Most of my products are in the same space (creative writing), which allows me to leverage existing mailing lists to get a start with a new product. It helps that my target users are prone to blogging, writing, and spreading the word in their own communities and among their own followers.

Advertising has never worked. Adwords has never worked — probably because it's not possible to target ads by operating system, which means ads get a lot of clicks from Mac and Android users, while my software is for Windows desktops.

All press and other traffic referrals have been organic. Writers talk about my software, and their readers or followers come and check it out, but all of my products get a kick start from my own growing mailing list of users.

Did you ever incorporate?

Yes, contracting in Europe requires the contractor to work through their own limited company, and my own software business is rolled into that.

What are your biggest obstacles going forward?

In terms of obstacles, the biggest issue I've had is in marketing and selling. It's a weakness of mine, but one I'm addressing this year and next. I have a big new application I'll be working on next year (b2b, large ticket price), and I'm laying the ground work now by improving my corporate marketing skills at a university in Dublin in the evenings. For this new product, the marketing will be coming first, development second — a new thing for me, and quite exciting.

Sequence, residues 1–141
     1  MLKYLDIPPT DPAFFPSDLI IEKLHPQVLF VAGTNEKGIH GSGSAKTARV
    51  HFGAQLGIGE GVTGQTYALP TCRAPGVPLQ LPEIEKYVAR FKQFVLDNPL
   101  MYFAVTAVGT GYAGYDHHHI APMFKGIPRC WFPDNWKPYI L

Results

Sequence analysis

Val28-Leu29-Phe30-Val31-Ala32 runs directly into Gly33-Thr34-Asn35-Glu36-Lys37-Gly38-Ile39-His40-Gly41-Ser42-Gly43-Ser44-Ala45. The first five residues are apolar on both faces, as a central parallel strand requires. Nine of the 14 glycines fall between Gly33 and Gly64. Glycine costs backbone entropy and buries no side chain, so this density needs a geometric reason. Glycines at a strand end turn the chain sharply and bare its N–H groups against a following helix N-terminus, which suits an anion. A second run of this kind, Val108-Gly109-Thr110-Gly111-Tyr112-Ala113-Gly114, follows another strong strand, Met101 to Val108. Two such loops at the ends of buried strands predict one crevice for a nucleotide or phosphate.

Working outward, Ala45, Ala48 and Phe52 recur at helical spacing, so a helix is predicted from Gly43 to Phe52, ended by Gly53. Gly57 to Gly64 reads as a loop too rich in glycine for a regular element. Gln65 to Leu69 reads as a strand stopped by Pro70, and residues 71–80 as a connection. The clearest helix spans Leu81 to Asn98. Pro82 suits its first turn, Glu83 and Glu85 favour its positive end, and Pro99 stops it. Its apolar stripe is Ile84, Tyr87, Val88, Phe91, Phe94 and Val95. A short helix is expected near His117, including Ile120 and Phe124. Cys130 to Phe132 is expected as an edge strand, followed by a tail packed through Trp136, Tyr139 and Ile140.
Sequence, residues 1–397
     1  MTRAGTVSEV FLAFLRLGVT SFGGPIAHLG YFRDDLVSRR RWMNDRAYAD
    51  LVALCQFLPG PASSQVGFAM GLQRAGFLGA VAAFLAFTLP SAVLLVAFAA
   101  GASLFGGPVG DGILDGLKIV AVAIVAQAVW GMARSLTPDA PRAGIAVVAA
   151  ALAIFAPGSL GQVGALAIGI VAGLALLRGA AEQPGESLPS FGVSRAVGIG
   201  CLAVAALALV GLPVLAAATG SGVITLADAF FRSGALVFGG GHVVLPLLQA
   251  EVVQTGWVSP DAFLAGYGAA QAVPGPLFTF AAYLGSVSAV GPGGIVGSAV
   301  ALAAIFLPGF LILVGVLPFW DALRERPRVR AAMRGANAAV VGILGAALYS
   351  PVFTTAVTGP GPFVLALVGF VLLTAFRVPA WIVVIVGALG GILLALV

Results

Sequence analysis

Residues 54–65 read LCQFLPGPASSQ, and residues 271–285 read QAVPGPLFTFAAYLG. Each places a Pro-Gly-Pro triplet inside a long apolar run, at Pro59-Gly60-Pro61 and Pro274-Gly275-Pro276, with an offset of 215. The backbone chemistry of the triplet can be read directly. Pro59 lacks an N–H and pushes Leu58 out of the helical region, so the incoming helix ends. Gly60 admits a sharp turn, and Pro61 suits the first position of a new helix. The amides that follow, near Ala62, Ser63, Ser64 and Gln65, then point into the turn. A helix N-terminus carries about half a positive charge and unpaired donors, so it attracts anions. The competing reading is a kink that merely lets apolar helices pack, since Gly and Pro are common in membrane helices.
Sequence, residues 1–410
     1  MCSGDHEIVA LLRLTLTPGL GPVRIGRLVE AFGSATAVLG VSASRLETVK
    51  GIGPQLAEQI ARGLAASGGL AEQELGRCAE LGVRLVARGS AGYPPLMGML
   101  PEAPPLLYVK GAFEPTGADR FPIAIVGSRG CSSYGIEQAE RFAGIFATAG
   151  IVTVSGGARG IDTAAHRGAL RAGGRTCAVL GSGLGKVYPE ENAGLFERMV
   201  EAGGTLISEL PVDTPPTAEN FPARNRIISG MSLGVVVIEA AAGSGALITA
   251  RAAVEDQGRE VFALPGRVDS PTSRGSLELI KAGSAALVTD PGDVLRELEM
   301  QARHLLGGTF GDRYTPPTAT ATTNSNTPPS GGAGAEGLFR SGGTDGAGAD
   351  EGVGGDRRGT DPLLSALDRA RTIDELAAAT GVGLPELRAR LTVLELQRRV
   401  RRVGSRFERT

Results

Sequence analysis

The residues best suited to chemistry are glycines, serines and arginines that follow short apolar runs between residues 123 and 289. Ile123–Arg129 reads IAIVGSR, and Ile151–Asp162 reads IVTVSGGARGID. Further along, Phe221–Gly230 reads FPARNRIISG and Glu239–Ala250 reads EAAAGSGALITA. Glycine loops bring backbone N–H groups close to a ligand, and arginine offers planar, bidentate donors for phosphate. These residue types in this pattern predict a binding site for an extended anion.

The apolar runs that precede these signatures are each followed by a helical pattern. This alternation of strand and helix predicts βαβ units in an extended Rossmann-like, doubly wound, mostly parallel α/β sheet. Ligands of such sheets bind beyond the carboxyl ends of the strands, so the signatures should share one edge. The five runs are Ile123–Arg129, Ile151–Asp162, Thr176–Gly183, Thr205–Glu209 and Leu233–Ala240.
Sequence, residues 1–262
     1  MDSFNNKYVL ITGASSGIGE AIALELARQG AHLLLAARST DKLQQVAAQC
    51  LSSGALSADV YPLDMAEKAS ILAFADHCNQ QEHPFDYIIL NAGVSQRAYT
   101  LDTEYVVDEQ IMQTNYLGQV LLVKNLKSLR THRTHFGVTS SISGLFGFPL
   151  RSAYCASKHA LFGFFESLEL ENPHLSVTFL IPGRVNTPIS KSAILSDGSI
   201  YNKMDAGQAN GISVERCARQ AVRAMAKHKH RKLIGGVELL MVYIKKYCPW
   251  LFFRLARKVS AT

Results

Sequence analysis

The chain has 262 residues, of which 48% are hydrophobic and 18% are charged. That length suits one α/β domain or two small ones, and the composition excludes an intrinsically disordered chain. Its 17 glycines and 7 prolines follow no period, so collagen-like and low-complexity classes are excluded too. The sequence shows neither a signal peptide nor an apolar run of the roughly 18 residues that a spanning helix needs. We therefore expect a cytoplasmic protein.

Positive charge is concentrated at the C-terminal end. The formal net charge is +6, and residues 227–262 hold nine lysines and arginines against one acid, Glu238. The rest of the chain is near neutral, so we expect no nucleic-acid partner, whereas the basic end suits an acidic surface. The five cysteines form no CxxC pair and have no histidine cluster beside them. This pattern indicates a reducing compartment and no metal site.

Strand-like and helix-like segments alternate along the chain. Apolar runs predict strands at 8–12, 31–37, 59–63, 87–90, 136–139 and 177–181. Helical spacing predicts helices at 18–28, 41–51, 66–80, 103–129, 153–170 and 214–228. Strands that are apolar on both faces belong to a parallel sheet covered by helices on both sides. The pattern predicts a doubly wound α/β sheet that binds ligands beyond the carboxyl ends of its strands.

What's your advice for aspiring indie hackers?

Three things I would highlight from my own experiences.

  1. Always have a vision for your software. You need to know what it is and what it's not, and you need to avoid getting side-tracked by strongly opinionated users (early adopters) into deviating from that vision. If you don't have a vision for what you're building, then why are you building it?
  2. Facebook and Instagram are lottery winners. If you want to win the lottery, buy a ticket. If you want to make money from your software, build commercial software to sell to people who have money. Forget free software, forget students who have no money — target users who will not hit you up for a discount when you ask for more than $50. Basically, build software for grown ups with jobs.
  3. The technology you use to build your app doesn't matter. It's as relevant as the car you drive to the office, or the fabric on your office chair. Use whatever you're comfortable with — your users don't even know what a programming language or SQL is.

Where can we learn more about the software you develop?

SmartEdit, PageFour, and links to other software are all on the Bad Wolf Software website. You can also follow @badwolfsoftware on Twitter, or leave a comment or question in the comment section.

Subscribe for new interviews every week! 🤗

Courtland here! I regularly interview the indie hackers behind profitable apps and side projects like SmartEdit for Word. Enter your email below, and I'll send you new interviews when they're out. Feel free to unsubscribe whenever you want.

Share this interview:

Loading comments...